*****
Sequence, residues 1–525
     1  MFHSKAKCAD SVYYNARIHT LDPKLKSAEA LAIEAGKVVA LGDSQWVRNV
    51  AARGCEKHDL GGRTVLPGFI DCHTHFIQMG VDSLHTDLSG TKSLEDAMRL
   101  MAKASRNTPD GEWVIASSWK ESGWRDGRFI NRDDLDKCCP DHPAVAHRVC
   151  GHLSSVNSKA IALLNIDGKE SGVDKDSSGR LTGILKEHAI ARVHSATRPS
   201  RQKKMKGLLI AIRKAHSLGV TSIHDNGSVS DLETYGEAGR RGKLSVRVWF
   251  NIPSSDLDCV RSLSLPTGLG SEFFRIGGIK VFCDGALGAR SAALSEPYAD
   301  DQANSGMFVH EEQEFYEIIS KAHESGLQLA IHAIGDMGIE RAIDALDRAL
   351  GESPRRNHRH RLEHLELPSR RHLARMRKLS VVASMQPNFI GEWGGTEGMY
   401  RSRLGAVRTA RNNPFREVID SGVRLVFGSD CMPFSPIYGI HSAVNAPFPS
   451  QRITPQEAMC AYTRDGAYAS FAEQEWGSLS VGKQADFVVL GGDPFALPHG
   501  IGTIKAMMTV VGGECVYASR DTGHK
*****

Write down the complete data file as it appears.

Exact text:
Sequence, residues 1–525
     1  MFHSKAKCAD SVYYNARIHT LDPKLKSAEA LAIEAGKVVA LGDSQWVRNV
    51  AARGCEKHDL GGRTVLPGFI DCHTHFIQMG VDSLHTDLSG TKSLEDAMRL
   101  MAKASRNTPD GEWVIASSWK ESGWRDGRFI NRDDLDKCCP DHPAVAHRVC
   151  GHLSSVNSKA IALLNIDGKE SGVDKDSSGR LTGILKEHAI ARVHSATRPS
   201  RQKKMKGLLI AIRKAHSLGV TSIHDNGSVS DLETYGEAGR RGKLSVRVWF
   251  NIPSSDLDCV RSLSLPTGLG SEFFRIGGIK VFCDGALGAR SAALSEPYAD
   301  DQANSGMFVH EEQEFYEIIS KAHESGLQLA IHAIGDMGIE RAIDALDRAL
   351  GESPRRNHRH RLEHLELPSR RHLARMRKLS VVASMQPNFI GEWGGTEGMY
   401  RSRLGAVRTA RNNPFREVID SGVRLVFGSD CMPFSPIYGI HSAVNAPFPS
   451  QRITPQEAMC AYTRDGAYAS FAEQEWGSLS VGKQADFVVL GGDPFALPHG
   501  IGTIKAMMTV VGGECVYASR DTGHK